Whew. Sometimes Doctor Who dares to break its own rules and tell a great story. Sometimes it betrays what went before.
A twelve-regeneration limit? Unthinkable! Then, too, fans protested loudly our first in-depth glimpse of Gallifrey. The Doctor half-human? We’ll just pretend we never heard that. He destroyed all of Gallifrey in a Time War? How can that be the Doctor? But perhaps he didn’t, after all. Outrage: fans were just as vocal about the Day of the Doctor retcon as they had been about the Time War in the first place. The first time the Doctor kissed a companion— scandal! We won’t be holding with all this canoodling. And so on. Who canon is never entirely canon, but it’s still controversial when the show introduces a seismic shift.
This audio offers one such shift. I’m not sure I approve. Yet Master is outstanding, intelligent drama, and I greatly enjoyed listening to it again.
It’s innovative right from the trailer, which offers a prologue instead of excerpts from the audio itself:
Dr. John Smith throws a birthday party with his closest friends to celebrate the ten years that he’s lived in Perfugium (Latin for place of refuge). The arrival of an uninvited guest with death on his heels is the catalyst for a psychological drama, more like a stage play with a small cast than a typical classic Who serial, that veers between ghost story, thriller, and murder mystery. The tension is ramped up by the fact that we recognise John’s voice, adding irony and anticipation to many of his lines: he’s the Master, isn’t he? What’s he up to? When will bodies start hitting the floor? Or is he the Master? And if he’s not responsible for all the unsettling goings-on, who is? The Doctor? By this time, Big Finish has expanded on the Seventh Doctor’s role as chessmaster, so we cannot be sure which of them is the villain of the piece.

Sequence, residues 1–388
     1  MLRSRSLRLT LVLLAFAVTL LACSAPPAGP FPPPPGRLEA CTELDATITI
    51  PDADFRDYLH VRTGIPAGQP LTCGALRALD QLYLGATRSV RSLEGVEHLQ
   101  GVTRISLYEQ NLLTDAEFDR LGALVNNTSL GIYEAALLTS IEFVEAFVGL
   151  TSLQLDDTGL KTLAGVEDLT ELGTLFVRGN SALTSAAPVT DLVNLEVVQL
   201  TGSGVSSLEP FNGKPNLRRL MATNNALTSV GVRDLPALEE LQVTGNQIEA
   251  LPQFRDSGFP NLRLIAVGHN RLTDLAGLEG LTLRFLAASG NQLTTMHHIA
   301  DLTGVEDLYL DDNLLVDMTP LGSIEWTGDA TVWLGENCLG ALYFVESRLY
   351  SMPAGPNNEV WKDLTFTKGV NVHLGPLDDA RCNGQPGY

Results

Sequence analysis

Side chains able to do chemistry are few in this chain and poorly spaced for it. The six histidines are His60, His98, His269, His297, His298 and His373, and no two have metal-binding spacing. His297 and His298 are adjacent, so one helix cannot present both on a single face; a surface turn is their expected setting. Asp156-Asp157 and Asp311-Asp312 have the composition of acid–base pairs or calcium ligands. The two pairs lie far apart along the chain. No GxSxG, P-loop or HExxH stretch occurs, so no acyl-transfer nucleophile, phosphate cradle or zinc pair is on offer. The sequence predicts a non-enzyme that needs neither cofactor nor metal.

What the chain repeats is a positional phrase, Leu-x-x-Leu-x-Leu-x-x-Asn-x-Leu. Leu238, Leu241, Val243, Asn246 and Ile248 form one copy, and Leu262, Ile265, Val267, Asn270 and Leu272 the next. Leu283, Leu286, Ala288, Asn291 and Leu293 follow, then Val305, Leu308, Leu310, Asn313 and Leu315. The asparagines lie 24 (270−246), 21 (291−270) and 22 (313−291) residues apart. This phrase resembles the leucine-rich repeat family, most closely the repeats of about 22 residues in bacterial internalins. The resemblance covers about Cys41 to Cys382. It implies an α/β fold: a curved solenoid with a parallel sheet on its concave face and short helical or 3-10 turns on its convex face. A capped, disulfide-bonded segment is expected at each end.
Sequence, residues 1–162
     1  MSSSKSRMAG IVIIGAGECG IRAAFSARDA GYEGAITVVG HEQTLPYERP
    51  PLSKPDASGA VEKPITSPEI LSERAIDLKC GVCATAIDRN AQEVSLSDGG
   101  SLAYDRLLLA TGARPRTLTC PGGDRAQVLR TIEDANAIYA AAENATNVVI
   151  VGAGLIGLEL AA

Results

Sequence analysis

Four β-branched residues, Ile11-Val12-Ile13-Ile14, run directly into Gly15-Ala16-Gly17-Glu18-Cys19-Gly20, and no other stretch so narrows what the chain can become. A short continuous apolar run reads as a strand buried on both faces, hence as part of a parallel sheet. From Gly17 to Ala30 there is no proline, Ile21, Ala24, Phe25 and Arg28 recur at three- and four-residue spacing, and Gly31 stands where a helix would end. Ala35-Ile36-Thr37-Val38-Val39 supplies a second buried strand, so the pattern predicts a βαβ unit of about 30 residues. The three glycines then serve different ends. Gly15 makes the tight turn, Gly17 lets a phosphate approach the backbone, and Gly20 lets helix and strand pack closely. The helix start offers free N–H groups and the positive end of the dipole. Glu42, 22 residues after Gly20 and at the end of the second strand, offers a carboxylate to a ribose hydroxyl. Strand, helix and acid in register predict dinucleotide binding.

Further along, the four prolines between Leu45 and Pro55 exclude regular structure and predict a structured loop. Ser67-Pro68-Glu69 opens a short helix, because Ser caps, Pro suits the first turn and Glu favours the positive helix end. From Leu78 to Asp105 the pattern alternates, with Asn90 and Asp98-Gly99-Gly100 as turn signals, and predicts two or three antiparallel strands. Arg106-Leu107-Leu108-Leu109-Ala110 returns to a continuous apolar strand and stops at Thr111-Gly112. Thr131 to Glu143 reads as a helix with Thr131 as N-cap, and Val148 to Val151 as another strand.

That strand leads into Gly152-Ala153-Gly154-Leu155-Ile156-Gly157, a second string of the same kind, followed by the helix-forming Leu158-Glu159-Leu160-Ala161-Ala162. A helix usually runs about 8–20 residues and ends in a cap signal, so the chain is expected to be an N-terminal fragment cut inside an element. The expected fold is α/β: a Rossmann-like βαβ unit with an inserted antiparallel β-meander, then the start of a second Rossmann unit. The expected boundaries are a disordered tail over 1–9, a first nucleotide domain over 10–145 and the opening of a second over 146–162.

“Except you don’t do that anymore, do you, Doctor? Don’t play your spoons, don’t mix your metaphors, don’t have fun. Too busy destroying planets, tidying up your previous mistakes.”
Th drama pivots on well-worn archetypes and tropes: Jekyll & Hyde, nature vs. nurture, stock figures in murder mysteries, prophecies, white lies, black lies, and stories of childhood. At times it teeters towards pantomime and melodrama. Yet it works, both because it employs those stock elements so well, and because it subverts them.
More importantly, the actors give compelling, masterful performances. Sylvester McCoy raises his game in Geoffrey Beevers’ presence, and Beevers is, arguably, one of the best actors ever to play the Master, absolutely at home in the audio medium, using his voice to be affably charming and reasonable-sounding and refined, yet adding a layer of menace or tortured doubt or deception as needed. His performance is subtle, versatile, and emotionally affecting, which is what this story needs.
He’s aided by solid guest characters: Anne Ridler is absolutely convincing as Jacqueline, an upper-class woman brimming with high-minded sentiments and class consciousness, and her husband Victor the inspector, an opinionated yet likable blowhard with black and white opinions about the lower and criminal classes. Victor is played by Philip Madoc, whom I remember vividly as Solon in The Brain of Morbius, and less clearly as the War Lord in The War Games. He’s exactly what the character needed.